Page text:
Place liver mixture into a large ramekin and cover with plastic wrap touching the top of the pate. Chill for 2-3 hours. Serve with Pickled Red Onions.

Pickled Red Onions
  • 1/2 cup cider vinegar
  • 1/2 cup water
  • 5 black peppercorns
  • 1 bay leaf
  • 2 tablespoons sugar
  • 1 large red onion, cut in half through the root, then sliced into thin half rings
Place cider vinegar, water, peppercorns, bay leaf, and sugar into a small saucepan. Bring to a boil. Immediately after mixture comes to a boil, remove from the heat and set aside.

Place sliced red onions into a container (I like canning jars). Pour hot vinegar mixture over the red onions. Allow to cool for one hour, then place lid on container and refrigerate for up to 2 weeks. I think these are best used within a week or so, but hey, that's up to you.

Got it? Good. Now go make yourself some pate and feel a little fancy and like you're king (or queen) of the liver. :)

Friday, February 4, 2011

Charcutepalooza-The Challenge Begins

I started the year looking for a challenge. Not just the challenge of living my life, but something more...foodish.

Then I stumbled upon Charcutepalooza.

I was taking a quick breeze through Michael Ruhlman's blog, and read his post on Charcutepalooza. Ruhlman actually wrote the book on charcuterie (no really, he did!), defined by the fine folks at Epicurious as meaning " ... "cooker of meat," charcuterie has been considered a French culinary art at least since the 15th century. It refers to the products, particularly (but not limited to) pork specialties such as PÂTÉS, RILLETTES, GALANTINES, CRÉPINETTES, etc., which are made and sold in a delicatessen-style shop, also called a charcuterie."


Finally, a set challenge to test my skills as a cook. A task to advance my knowledge in an area that fascinates me. Folks...we have a winner!


The challenge is this: On the 15th of each month, a charcuterie challenge will be posted on the blog Mrs. Wheelbarrow's Kitchen. The post will kick off the project and offer some tips for success. Participants have one month to complete our take on the challenge.

Kim from The Yummy Mummy will post her take on the monthly challenge on the 15th, also. She’ll be addressing the charcuterie from a "never-done-it-before" point of view.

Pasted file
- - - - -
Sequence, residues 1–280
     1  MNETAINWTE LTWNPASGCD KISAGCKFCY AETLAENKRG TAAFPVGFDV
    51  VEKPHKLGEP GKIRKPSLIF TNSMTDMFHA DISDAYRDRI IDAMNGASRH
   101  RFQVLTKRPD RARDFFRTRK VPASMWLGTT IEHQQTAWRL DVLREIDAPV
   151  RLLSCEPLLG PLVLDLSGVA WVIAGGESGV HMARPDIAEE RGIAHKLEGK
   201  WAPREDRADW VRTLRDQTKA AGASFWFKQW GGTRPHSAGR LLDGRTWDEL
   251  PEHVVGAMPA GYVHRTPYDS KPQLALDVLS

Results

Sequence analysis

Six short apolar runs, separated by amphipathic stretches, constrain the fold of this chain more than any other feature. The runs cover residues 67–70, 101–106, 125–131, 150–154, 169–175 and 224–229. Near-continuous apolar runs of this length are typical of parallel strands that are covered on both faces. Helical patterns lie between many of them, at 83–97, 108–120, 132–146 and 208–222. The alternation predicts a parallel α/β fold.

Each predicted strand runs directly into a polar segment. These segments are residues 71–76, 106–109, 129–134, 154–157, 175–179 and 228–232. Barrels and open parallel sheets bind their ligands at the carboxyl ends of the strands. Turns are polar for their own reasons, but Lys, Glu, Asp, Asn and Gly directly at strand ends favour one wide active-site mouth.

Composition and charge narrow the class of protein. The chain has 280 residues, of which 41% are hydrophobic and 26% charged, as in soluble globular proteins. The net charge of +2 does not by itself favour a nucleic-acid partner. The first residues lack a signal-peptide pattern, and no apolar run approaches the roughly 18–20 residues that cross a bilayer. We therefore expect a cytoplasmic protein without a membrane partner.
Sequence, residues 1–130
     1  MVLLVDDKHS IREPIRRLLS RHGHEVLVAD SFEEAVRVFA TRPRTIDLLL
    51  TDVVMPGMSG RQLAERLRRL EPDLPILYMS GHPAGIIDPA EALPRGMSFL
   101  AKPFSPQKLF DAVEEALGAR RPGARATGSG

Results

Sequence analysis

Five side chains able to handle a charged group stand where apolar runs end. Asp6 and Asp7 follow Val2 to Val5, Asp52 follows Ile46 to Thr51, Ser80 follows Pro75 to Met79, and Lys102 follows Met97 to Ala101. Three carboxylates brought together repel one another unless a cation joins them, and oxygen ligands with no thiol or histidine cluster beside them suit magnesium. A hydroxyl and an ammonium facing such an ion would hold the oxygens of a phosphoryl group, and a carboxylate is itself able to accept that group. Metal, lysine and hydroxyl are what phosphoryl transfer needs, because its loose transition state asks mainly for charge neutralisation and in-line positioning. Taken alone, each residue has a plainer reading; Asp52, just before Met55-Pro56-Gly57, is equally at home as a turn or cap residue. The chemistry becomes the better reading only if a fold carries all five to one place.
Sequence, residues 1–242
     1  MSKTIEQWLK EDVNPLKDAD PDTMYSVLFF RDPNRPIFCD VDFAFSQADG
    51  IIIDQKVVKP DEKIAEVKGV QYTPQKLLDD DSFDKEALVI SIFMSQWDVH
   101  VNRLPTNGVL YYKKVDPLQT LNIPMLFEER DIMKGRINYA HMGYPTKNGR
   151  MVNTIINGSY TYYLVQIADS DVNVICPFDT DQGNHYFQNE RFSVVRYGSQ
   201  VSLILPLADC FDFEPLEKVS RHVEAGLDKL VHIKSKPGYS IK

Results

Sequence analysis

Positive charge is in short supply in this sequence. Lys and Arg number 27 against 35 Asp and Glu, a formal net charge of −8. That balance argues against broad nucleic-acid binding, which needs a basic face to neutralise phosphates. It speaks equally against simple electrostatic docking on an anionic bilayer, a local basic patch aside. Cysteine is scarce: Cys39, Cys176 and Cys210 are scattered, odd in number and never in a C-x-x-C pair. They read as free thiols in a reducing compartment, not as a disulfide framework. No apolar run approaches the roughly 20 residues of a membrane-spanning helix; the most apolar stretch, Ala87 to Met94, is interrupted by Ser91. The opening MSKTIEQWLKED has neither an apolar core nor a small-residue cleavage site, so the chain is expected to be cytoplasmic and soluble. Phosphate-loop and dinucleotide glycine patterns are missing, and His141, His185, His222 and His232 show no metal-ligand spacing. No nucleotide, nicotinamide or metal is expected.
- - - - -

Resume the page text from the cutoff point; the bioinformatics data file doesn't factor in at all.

The ladies are letting us slide a bit with the January challenge, Duck Prosciutto, which just has to be made and posted about at some point during the year. I have a few duck breasts from my friend Chan's fall hunting trip in my freezer, so I'll probably get started with those, even though wild duck is much, much leaner than farm-raised Pekins.

And that's how it goes.

Right now, I'm getting to work on my pancetta. I need to post by the 15th of February, which means I'll need to figure out a way to speed up the 3 week process to just over a week. problem (fingers crossed!). I am a bit giddy about the very thought of hanging pancetta, prosciutto, sausages and the like in my basement from the rafters. So stay tuned. A fabulous quick pancetta recipe is just around the corner...

Monday, January 31, 2011

Kitchen Studio Update: Shared-Use Kitchen, Kitchen Assistants Wanted

It's update time at The Kitchen Studio, and we have tons going on.

The biggest news is that we're one step closer to opening TKS up as a shared-use kitchen. We'll be sending a proposal off to the Frederick County Health Department this week outlining our policies and procedures for running the kitchen as an hourly rental to other small food businesses during the hours we're not running classes and the like. We've already received approvals from the county plumbing departments and planning and permits, so we've got our fingers crossed that this is the last step.

What's a shared-use kitchen you may ask? A shared-use kitchen is a licensed commercial kitchen that is available for hourly rentals to small food businesses who need regulated space in which to cook, but don't want to (or have the big bucks to) set-up a kitchen on their own, which can be very, very expensive. Our hope and plan is that some businesses will use us for a very long time and that others will use us as a stepping stone to build their businesses before they take on the expense of setting up their own place. Sounds like a win-win to me, and hopefully the HD will realize what a great idea this is, getting folks cooking legally and generating businesses and new tax revenue for the county.

Onto to Kitchen Assistants...

We have a program in place, being updated and run by the fabulous Dotty, for volunteer kitchen assistants to lend a hand during cooking classes at TKS. It's a great way to earn a free or reduced price class, plus you'll learn while assisting and enjoy a great meal.

It's easy to assist. Just take a look at our schedule and let us know what classes you want to assist. Show up at TKS 45 minutes prior to class starting and plan to be there for about an hour (often less) after class is complete. You'll want to wear comfy shoes and be prepared for some dish washing, but other than that, it's pretty darn simple. We'll keep records of when you assist and let you know when you've earned your free class. We plan our staffing based on our assistants, so if you sign-up to help, please be sure to actually show up for class. :)

Easy breezy lemon squeezy. Let me know if you know anyone who would be a good fit for our kitchen, either to rent or to assist, and we'll see you soon!